Automated processes

Benjamin Mord bmord at
Fri Apr 7 17:20:26 CEST 2006

(Don't encrypt the passphrase - if you do, then you still need a
passphrase to decrypt the passphrase, etc... etc...)

Asymmetric cryptography can be extremely handy for automated
encryption/decryption scenarios. For example, I sometimes have a
somewhat vulnerable general-purpose machine encrypt data using only a
public key, and write it somewhere shared. Then I'll have a tightly
secured single-purpose machine later read and decrypt that data for some
purpose. This is analogous to a one-way mail drop, where you trust the
mailman more than the general public. I use this technique in scenarios
where although both machines are somewhat trusted, one is machine is
more trusted than the other. This way the machine that does the
encryption has no knowledge of how to decrypt, so that if compromised,
only the data that it processes from point of compromise going forward
is in any kind of danger. (At this point you've reduced the security
problem to one of monitoring or periodic cleaning, e.g. periodic reboots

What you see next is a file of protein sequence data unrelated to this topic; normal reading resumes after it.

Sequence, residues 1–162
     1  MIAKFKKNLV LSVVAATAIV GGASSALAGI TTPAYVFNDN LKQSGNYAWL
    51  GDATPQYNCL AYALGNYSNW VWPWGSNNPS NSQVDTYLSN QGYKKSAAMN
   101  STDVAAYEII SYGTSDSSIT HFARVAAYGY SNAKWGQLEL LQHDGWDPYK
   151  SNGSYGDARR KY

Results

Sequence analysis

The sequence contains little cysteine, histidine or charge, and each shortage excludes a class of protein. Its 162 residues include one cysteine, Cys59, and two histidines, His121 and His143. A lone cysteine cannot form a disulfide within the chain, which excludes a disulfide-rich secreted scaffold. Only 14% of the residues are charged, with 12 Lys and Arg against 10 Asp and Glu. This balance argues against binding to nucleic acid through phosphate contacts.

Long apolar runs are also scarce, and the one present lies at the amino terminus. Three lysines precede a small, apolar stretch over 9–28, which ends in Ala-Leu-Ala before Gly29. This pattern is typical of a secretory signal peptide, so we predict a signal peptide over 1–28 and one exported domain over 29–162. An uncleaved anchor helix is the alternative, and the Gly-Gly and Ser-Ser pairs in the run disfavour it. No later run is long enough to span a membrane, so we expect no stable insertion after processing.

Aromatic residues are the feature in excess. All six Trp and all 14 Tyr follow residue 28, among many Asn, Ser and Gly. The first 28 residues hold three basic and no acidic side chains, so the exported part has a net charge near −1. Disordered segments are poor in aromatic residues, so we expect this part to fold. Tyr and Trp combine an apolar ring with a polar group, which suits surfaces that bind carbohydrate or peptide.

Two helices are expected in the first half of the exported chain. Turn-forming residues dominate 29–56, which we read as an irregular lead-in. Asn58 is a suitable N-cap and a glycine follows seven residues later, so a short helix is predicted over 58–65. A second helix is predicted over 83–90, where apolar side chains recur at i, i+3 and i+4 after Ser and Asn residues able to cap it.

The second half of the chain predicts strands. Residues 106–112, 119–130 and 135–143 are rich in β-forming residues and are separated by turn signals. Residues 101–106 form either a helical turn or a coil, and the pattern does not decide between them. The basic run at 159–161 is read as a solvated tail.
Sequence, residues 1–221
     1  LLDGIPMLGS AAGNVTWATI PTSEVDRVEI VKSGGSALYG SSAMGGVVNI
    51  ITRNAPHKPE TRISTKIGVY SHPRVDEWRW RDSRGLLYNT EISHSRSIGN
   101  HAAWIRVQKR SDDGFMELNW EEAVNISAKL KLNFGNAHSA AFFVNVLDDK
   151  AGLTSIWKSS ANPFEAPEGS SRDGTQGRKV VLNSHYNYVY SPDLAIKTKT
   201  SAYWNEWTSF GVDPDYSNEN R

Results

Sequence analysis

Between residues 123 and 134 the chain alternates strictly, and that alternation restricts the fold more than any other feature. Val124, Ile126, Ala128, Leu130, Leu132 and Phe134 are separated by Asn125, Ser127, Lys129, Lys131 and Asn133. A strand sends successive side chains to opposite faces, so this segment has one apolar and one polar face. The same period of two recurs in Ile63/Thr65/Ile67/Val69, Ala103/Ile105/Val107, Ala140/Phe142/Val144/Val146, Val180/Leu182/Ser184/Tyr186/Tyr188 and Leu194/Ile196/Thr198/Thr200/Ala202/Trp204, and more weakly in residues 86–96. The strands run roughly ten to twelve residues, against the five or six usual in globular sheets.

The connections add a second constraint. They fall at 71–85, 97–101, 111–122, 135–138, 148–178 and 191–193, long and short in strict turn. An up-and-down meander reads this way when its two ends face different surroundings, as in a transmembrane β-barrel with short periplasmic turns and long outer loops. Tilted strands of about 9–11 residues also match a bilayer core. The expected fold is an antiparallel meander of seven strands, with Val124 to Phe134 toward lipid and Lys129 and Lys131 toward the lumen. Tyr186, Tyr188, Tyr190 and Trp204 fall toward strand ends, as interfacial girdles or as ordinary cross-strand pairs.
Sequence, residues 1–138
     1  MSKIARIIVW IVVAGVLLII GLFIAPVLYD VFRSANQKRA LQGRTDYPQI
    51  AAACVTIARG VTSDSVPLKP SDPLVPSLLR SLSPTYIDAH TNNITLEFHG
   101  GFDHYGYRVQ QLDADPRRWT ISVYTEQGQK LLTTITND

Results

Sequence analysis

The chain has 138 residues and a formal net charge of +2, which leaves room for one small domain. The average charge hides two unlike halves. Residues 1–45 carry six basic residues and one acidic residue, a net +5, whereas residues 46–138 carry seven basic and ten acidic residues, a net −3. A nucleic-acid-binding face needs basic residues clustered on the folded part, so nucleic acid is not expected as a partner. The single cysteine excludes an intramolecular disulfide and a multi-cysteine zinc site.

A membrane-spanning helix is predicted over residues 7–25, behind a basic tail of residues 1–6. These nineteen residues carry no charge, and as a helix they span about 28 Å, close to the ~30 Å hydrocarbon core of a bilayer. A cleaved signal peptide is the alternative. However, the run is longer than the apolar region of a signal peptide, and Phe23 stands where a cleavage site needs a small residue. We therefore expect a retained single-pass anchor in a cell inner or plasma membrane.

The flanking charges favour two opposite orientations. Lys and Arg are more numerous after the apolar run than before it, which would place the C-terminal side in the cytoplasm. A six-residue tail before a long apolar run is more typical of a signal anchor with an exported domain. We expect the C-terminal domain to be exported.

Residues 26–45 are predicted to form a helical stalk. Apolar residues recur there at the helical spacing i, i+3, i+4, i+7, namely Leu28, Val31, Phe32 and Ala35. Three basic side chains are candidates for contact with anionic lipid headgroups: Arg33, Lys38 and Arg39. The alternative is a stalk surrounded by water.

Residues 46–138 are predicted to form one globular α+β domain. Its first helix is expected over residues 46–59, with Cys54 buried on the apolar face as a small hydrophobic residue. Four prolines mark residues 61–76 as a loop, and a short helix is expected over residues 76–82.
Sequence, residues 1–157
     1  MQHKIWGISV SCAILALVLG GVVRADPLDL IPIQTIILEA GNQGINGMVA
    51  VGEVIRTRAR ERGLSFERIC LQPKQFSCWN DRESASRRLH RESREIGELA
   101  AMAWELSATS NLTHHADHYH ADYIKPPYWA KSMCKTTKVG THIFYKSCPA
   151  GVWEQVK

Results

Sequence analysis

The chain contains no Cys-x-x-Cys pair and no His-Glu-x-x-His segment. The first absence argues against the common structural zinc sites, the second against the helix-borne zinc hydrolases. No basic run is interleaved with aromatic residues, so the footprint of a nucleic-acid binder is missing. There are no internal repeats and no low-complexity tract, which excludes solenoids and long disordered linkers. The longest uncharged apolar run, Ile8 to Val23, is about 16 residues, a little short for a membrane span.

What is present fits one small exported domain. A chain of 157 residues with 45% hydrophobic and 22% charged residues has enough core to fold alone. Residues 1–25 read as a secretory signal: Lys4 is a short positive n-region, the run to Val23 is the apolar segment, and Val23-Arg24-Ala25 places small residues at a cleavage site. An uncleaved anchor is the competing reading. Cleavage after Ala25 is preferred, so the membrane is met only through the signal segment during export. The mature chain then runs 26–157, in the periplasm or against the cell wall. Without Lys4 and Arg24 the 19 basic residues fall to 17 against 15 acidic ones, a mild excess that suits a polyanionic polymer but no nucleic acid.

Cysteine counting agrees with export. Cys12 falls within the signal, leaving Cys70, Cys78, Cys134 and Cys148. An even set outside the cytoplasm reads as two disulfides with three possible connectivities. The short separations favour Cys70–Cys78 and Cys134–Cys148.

while running off read-only media.) The second machine is entrusted with
knowledge of how to decrypt, but in exchange it is tightly secured and
specialized for a single task.


-----Original Message-----
From: gnupg-users-bounces at
[mailto:gnupg-users-bounces at] On Behalf Of John M Church
Sent: Friday, April 07, 2006 10:16 AM
To: johnmoore3rd at; GnuPG Users List
Subject: Re: Automated processes

I think it's simplistic to just brush-off this request as a user who 
wants convenience.  There are very valid reasons for automated 
decryption.  I'm working a similar project (and have my own issue - see 
"Automated Decryption via Script Running Setuid" written 4/5/06).  Seems

to me if you protect your script and you are behind a firewall you're 
not 'trading security for convenience'.  You can even encrypt the 
passphrase in your script if you're afraid someone with sudo or root 
priveldges could open your script.


John W. Moore III wrote:

>Hash: SHA256
>jkaye wrote:
>>I know that for PGP, there's an environment setting that
>>can be used to prevent this.  Is there a similar thing for
>>GnuPG, or do I have to jump through some hoops?  
>Hmm.....Let me see if I've understood you.  You desire to use GPG for
>security 'Point to Point' then swap security for convenience on your
>My suggestion would be to either switch to Thunderbird w/Enigmail as
>your MUA.  You can set Enigmail to 'remember' your passphrase for a
>specified length of time or until you Close the program.
>JOHN ;)
>Timestamp: Thursday 06 Apr 2006, 19:42  --400 (Eastern Daylight Time)
>Version: GnuPG v1.4.4-4094cvs: (MingW32)
>Comment: Public Key at:
>Comment: Gossamer Spider Web of Trust (US26):
>Comment: Homepage:
>Comment: Using GnuPG with Mozilla -
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